A long time ago and in what seems like a land far away, I lived without daily pain. I lived energetically, enthusiastically, full of ideas, creative thoughts and plans. Every now and then I still get to visit that place and I feel so grateful for that.
Then back in 1997 I got the diagnosis I was dreading. I have rheumatoid arthritis. I had been having almost daily stiffness in my feet and hands and then pain for about 2 years before my doctor was able to successfully come up with this diagnosis. It has now been 17 years since that time. There are days when all I can focus on is the pain and how to manage it. If I get one task that I have set for myself done then I feel like it is a victory.
September has been a month of dealing with pain every day. I seem to be more affected and have my RA flare when we go through seasonal changes and the change from summer to fall has been quite erratic here in central Alberta. We have had temperature and barometric swings almost every day. I am one of those with RA that is affected by my environment – both the physical and emotional environment.
One of the effects of this recent flare is that I have fallen into a bit of a dump emotionally, a mild depression. This is not unusual when you are dealing with chronic pain but obviously not a happy place to be (yes, the pun was deliberate). It is hard to get moving physically when everything hurts and you are hurting on the inside.
No one told me that with a diagnosis of RA I needed to take care of my mental health, although you would think that doctors would now recognize that chronic conditions and the state of one’s mental health are intertwined.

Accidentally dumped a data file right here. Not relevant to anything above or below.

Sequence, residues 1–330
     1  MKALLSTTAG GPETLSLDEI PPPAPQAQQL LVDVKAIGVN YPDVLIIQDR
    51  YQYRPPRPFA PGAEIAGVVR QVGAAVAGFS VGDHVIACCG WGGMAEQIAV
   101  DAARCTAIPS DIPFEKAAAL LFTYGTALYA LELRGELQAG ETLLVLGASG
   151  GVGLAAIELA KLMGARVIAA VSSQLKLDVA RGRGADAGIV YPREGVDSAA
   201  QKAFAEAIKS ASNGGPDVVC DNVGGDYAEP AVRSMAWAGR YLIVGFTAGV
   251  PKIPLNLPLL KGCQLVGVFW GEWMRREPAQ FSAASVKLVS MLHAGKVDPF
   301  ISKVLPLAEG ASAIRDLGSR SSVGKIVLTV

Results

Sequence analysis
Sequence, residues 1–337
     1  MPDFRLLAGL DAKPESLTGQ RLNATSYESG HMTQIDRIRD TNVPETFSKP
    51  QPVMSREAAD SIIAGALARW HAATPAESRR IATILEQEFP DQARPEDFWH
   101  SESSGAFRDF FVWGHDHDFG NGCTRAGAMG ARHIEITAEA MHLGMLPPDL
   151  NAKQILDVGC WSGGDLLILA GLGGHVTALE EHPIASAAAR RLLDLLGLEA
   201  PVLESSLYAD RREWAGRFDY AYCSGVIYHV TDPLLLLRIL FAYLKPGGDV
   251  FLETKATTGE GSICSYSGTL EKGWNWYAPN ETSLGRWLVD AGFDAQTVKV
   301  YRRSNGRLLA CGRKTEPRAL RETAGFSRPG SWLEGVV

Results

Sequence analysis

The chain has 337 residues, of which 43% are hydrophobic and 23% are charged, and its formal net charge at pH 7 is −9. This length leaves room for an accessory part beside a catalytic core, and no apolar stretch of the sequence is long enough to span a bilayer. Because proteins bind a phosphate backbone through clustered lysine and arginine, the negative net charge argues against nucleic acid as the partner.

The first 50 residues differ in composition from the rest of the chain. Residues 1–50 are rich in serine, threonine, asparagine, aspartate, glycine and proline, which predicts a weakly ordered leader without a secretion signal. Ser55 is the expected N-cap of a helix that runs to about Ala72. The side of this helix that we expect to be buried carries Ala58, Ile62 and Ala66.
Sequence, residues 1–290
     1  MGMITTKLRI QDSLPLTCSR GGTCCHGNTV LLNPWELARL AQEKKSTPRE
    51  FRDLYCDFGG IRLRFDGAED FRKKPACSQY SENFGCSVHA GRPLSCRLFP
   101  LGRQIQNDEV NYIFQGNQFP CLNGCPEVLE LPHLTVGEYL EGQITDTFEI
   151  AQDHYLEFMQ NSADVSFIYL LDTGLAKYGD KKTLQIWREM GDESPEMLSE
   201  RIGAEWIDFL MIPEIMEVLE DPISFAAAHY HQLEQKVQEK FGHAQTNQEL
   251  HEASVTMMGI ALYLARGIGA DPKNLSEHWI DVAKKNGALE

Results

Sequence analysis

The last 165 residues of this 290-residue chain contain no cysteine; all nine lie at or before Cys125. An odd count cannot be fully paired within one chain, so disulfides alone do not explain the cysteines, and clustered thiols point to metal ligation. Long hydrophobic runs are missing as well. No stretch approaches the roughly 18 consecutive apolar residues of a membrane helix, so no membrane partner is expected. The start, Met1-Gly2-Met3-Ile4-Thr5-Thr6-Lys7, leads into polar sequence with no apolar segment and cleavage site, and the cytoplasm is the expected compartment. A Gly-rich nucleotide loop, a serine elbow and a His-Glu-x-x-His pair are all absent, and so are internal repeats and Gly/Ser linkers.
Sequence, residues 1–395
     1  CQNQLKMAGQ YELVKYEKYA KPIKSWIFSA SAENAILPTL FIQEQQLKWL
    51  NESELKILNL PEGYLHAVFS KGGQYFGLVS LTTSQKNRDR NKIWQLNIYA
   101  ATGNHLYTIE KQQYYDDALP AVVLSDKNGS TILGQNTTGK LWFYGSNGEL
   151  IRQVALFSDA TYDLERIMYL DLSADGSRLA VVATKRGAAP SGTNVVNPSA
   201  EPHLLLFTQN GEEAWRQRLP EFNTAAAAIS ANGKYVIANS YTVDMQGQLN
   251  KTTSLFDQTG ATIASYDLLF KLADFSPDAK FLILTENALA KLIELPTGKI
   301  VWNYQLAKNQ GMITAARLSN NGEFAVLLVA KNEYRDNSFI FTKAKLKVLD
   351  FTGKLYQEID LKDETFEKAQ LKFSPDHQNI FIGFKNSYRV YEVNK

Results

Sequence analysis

Here’s me today:
One of things I am doing to help boost me out of this state is to dress with the style that I love and can rock by the way. It is also a way to remind myself that I am more than my RA. I am a beautiful, savvy, faithful, full of gratitude, rocking middle aged woman who has lots of great ideas. I am more than my RA. I am more than my RA.
That is my my mantra for the moment. That I am more than my RA. I know how easy it is to get defined by the chronic condition that you live with and I have to remind myself and others that I am more than my RA. That can be difficult when you step on to the floor from your bed in the morning and your feet are screaming with agony. That can be difficult when you have to take frequent breaks from typing your blog to give your hands a stretch and a rest. That can be difficult when you are so fatigued with pain that you can’t even put a full sentence together coherently. I am more than my RA.
I am more than my RA. What do you need to be more than?